HST 376 – Paper 2
October 18, 2012
The Reformations Role in Rise and Decline of the Witch Hunts and the Change in Magic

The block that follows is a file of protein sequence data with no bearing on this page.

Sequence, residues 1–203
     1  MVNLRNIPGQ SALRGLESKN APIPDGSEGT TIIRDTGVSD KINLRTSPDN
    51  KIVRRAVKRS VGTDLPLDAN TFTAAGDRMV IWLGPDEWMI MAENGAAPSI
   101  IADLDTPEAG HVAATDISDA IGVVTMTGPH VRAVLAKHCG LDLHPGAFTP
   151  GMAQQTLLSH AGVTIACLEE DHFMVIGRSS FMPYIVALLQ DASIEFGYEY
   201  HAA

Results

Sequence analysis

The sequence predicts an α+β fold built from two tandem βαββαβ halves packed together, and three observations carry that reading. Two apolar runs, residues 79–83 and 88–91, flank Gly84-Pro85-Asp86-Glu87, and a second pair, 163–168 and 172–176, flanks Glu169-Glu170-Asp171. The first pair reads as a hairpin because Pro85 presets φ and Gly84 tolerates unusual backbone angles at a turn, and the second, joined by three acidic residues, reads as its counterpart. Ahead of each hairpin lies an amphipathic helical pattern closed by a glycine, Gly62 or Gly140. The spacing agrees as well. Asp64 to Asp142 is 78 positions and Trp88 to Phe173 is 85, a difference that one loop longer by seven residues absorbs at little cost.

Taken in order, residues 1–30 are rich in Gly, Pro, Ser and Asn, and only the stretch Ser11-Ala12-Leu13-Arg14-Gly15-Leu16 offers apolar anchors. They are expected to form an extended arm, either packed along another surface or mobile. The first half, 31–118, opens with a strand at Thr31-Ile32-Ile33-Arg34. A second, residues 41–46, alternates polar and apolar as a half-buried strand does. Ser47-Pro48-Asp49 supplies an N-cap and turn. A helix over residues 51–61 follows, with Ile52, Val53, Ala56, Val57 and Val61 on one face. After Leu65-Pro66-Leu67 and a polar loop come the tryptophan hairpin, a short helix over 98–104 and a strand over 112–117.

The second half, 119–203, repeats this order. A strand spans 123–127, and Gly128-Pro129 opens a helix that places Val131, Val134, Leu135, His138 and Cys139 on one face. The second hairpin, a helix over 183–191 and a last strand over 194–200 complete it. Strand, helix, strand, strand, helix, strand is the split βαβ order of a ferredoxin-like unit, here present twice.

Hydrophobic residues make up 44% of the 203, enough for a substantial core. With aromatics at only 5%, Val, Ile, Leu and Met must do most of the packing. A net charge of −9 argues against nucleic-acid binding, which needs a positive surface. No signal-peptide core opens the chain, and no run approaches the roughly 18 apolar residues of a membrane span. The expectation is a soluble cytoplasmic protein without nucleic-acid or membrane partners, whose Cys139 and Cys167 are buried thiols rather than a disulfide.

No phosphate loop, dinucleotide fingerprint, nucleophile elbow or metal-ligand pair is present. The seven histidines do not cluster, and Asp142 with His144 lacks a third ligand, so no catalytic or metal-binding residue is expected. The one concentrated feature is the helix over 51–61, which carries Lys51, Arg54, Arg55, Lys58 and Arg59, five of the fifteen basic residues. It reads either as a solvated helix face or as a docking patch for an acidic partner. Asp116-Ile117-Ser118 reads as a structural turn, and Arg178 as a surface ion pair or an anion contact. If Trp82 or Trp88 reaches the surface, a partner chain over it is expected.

The Reformation era was a time of great change in Early Modern Europe. Sixteenth and seventeenth century Europeans were attempting to make sense of the frightening events that were happening, such as the Black Death and famine. To find meaning in a world that seemed in constant chaos, early modern Europeans looked to find patterns that would set things right. “The Reformation would not have happened if ordinary people had not convinced themselves that they were actors in a cosmic drama plotted by God: that in the Bible he had left them a record of his plans and directions as to how to carry them out.” The Reformations brought a new direction of faith, where one had to be more active in one’s own salvation. They also brought a profound sense of the fear of hell, and this directed much of the actions of the reformed. The Reformations were a catalytic force in the rise of the witch hunts during sixteenth- and seventeenth- century Europe because they brought a new emphasis on the fear of the devil, a new direction of faith that required personal accountability and brought a sense of guilt to the one that felt they were not doing as they should, and did away with the familiar tokens and practices of magic that characterized an aspect of pre-Reformation, early modern European religion. The Reformations also contributed to the decline of the witch hunts as theology evolved during the time period to include an awareness of the sovereignty of God as well as Biblical literalism. The Reformations contributed to the development of the witch hunts in several ways, the first being a new emphasis on the fear of the devil. In terms of the Protestant Reformation, this was not necessarily a contradiction to former Catholic beliefs of demonology, as Catholics had an awareness of the presence of the devil. It was simply a new heightened fear of the devil and his influence in the world. “Although the great reformers did little to change traditional Catholic demonology, they did tend to emphasize the presence of the Devil in the world and exhibit a more profound fear of him.” Catholic theology incorporated the presence of the Devil, but did not adopt the concept of diabolical power. However, during the Counter-Reformation, Catholics became just as diligent in expressing this fear of the Devil. “Catholic priests often matched their Protestant colleagues in convincing their parishioners of Satan’s omnipresence and in raising their fears of him. They could also be equally effective in encouraging them to campaign ceaselessly against him.” This awareness of diabolical activity for both the Protestants and Catholics was a new phenomenon, and it was a beginning phase in the persecution of witches during the Reformation era in that witchcraft came to be viewed as the work of the Devil. Along with this new emphasis on the danger of the Devil and diabolical temptation was an emphasis on one being active in leading a morally conscious life and being responsible for one’s own salvation. “Instead of merely encouraging conformity to certain standards of religious observance (such as attending church), the reformers of the sixteenth and seventeenth centuries instructed the people to lead a more demanding, morally rigorous life.” Personal sanctity became the new means for one’s salvation. A side effect of the emphasis on personal piety was a deep sense of sin that people sought to relieve in any way possible. Naturally, one of the methods of relief was projection of guilt onto another person. A person regarded as a witch often took the brunt of that projection during the sixteenth and seventeenth centuries. “[I]n sixteenth- and seventeenth-century England, many accusations arose when individuals refused to provide economic assistance to people who needed it and who came to one’s door asking for it. In denying...
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